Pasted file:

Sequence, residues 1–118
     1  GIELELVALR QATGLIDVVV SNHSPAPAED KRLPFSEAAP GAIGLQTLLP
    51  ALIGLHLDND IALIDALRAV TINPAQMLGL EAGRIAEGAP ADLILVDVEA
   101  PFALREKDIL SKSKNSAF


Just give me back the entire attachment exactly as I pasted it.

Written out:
Sequence, residues 1–118
     1  GIELELVALR QATGLIDVVV SNHSPAPAED KRLPFSEAAP GAIGLQTLLP
    51  ALIGLHLDND IALIDALRAV TINPAQMLGL EAGRIAEGAP ADLILVDVEA
   101  PFALREKDIL SKSKNSAF